When King was doing the HBO series, he explained, "We would shoot two episodes at once and it was over the course of like three weeks. We would do two while we were prepping the next two while we were editing the former two (which kept us on the run) constantly. The feature shot in a perfect 69 days. I think we started out with like 63 days and then we went to 69 because of weather and locations and (so forth). But 69 days felt perfect for 'Sex and the City!' As a matter of fact, in the Christie's (jewelry auction) scene when Samantha holds up her number, it's 969. I just wanted it to be 69 because I thought it was so Samantha and Christie's said, 'We don't do that number.'"

Asked how he worked with the four lead actresses, King replied, "First of all, it's a big movie and the 69 days really was luxurious but necessary because of the amount of locations in New York City and sometimes we'd go out and there'd be 300 people watching and that would slow it down. But I say the only reason we were able to do this in 69 days is because we had six years of practice with the girls. I mean I feel like I had six years of rehearsal. Six years of writing them helped me streamline the fact that when I got the script to them it was almost like it was clothing that was cut for them. So when I heard the table read we were pretty much all in synch. There were some rewrites that I did based on the table that I had to do over the three days before the writers' strike hit.

"I call those my 'psychic rewrites.' I knew I was never going to get a chance to rewrite it again if it didn't work so I estimated based on my past and what I thought would work. But as far as the actresses go, literally it's this amazing dance where they're kind of perfect and if something didn't work I usually assumed it was the writing, but because they're so perfect they hid whatever flaws I would have missed."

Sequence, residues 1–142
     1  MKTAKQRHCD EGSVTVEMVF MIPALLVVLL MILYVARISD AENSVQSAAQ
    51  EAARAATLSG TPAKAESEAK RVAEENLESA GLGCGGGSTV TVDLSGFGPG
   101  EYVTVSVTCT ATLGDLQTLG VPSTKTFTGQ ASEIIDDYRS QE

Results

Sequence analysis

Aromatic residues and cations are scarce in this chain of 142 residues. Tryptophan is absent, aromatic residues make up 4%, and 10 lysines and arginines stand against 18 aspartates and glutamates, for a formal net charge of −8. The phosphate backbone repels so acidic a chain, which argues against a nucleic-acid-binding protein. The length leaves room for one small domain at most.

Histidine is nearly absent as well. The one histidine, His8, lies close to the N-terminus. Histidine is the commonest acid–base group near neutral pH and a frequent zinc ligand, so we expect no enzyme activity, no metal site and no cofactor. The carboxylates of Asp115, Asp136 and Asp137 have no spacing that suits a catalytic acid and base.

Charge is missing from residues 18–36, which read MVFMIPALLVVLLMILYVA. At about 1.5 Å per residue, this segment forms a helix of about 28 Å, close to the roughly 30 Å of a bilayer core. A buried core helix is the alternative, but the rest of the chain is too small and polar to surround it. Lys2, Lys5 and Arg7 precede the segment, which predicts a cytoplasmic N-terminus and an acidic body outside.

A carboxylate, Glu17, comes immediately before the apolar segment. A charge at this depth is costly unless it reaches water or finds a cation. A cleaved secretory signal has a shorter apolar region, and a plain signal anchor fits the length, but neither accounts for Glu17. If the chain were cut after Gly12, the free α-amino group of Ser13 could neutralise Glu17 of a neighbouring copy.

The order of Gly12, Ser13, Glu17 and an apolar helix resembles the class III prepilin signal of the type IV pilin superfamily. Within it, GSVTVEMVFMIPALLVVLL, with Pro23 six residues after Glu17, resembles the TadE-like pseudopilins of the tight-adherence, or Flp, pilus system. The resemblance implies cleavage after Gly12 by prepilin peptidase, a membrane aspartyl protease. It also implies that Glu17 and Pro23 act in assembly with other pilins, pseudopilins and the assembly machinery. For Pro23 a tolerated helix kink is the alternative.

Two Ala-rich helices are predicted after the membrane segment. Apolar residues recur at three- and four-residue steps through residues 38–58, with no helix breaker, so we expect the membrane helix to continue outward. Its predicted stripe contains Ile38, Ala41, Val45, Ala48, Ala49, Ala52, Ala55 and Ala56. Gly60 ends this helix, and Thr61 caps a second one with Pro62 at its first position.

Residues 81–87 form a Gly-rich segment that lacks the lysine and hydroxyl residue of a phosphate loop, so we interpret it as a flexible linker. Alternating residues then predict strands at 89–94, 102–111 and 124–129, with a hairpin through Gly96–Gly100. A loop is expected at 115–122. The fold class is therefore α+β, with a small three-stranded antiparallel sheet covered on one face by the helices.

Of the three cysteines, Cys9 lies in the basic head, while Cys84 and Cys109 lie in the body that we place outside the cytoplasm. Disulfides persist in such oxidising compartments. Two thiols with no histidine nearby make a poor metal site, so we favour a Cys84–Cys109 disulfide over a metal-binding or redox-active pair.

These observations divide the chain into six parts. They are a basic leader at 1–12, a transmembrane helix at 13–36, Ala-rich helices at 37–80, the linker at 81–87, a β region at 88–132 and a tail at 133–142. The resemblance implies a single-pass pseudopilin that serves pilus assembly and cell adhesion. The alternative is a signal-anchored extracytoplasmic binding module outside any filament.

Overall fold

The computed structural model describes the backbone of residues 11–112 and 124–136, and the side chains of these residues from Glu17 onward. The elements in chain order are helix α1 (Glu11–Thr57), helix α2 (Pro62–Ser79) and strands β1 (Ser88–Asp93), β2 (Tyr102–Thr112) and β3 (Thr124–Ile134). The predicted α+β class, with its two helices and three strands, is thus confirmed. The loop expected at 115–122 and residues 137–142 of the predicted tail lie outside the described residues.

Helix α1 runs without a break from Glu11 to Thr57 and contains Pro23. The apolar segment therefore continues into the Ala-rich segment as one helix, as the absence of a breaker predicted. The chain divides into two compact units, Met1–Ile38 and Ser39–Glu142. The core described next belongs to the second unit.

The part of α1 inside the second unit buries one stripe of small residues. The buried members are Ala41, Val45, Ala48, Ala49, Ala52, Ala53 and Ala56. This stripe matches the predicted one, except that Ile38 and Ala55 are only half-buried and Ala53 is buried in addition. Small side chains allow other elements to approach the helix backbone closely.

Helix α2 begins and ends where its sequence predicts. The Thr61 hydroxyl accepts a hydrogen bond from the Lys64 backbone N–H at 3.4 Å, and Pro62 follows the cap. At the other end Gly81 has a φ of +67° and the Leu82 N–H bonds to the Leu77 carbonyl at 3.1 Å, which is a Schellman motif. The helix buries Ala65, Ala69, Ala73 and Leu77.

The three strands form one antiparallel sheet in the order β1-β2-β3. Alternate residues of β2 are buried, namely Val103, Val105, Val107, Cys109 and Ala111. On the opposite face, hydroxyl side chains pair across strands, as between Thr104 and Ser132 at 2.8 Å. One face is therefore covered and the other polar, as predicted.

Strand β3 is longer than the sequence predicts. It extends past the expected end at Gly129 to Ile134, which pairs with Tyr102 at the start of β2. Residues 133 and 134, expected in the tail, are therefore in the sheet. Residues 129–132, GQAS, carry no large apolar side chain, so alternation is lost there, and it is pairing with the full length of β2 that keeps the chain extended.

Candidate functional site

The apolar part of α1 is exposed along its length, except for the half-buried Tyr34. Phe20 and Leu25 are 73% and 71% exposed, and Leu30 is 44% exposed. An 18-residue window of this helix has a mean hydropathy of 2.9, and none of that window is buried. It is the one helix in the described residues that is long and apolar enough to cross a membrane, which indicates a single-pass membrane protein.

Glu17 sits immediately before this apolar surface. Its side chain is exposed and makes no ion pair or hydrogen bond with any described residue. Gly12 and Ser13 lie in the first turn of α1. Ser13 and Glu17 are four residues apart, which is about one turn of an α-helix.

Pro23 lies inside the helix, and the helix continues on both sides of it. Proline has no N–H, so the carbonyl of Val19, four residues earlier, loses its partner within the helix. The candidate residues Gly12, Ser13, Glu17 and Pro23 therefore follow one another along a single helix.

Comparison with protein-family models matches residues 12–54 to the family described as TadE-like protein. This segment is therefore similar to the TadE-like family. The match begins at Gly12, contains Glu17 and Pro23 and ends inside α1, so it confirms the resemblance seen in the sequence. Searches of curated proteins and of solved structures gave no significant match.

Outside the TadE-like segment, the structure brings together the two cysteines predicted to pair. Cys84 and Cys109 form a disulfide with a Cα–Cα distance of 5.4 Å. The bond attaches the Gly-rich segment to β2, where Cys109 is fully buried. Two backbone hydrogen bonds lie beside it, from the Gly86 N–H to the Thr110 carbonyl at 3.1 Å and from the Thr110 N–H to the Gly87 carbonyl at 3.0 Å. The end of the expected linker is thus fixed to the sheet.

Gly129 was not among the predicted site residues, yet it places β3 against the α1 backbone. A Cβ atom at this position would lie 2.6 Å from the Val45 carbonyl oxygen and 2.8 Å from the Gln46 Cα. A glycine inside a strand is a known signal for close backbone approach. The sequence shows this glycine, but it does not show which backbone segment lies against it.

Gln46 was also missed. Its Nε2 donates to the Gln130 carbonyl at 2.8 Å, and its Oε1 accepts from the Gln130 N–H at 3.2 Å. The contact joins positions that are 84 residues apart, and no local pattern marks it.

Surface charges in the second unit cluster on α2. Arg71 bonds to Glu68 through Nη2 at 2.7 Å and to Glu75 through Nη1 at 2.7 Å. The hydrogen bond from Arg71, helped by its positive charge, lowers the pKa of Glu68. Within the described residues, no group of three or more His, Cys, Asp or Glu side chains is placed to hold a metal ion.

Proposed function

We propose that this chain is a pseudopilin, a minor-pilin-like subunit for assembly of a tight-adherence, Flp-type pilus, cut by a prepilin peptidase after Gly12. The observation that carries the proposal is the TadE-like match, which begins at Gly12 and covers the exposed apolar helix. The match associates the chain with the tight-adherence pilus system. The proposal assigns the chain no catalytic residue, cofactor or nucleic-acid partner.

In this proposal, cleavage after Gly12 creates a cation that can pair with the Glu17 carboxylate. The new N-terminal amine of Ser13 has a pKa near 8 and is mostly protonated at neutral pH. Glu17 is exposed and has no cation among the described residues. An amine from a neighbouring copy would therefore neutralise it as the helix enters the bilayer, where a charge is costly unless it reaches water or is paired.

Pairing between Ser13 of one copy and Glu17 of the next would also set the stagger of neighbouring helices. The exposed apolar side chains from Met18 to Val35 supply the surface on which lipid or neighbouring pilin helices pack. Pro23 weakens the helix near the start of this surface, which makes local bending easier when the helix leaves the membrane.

The process, King added, "was at rehearsal as we were about to block it I would block it, then they'd go to hair and makeup and come back and they would play it perfectly. If there was a change I would change it or if a camera shot wasn't quite doing what I should do I would do it. But it was minimal. It was this great sort of intuitive 'they know how to play these characters.' I wrote something that was slightly new for each of them --enough that the DNA was the same, but it was still fresh and exciting to them. No one felt like they were playing the same beat again that they'd played before so all the energy was excited.

"If I needed an adjustment, I'd just quietly say to them (whatever was needed), but I'm telling you they'd never been better. So for me it was really about (just getting the) coverage. I have a box of dailies I could show you and every take is worthwhile. It's really just about which shade did I want. There was never a moment where I went, 'Oh, Christ, were we all off!' When I was looking at the dailies, I didn't know if the movie would work, but I did know that they were doing what I wrote., which is thrilling but also daunting because I would look and go, 'Yeah, that's exactly what I wanted only better.'"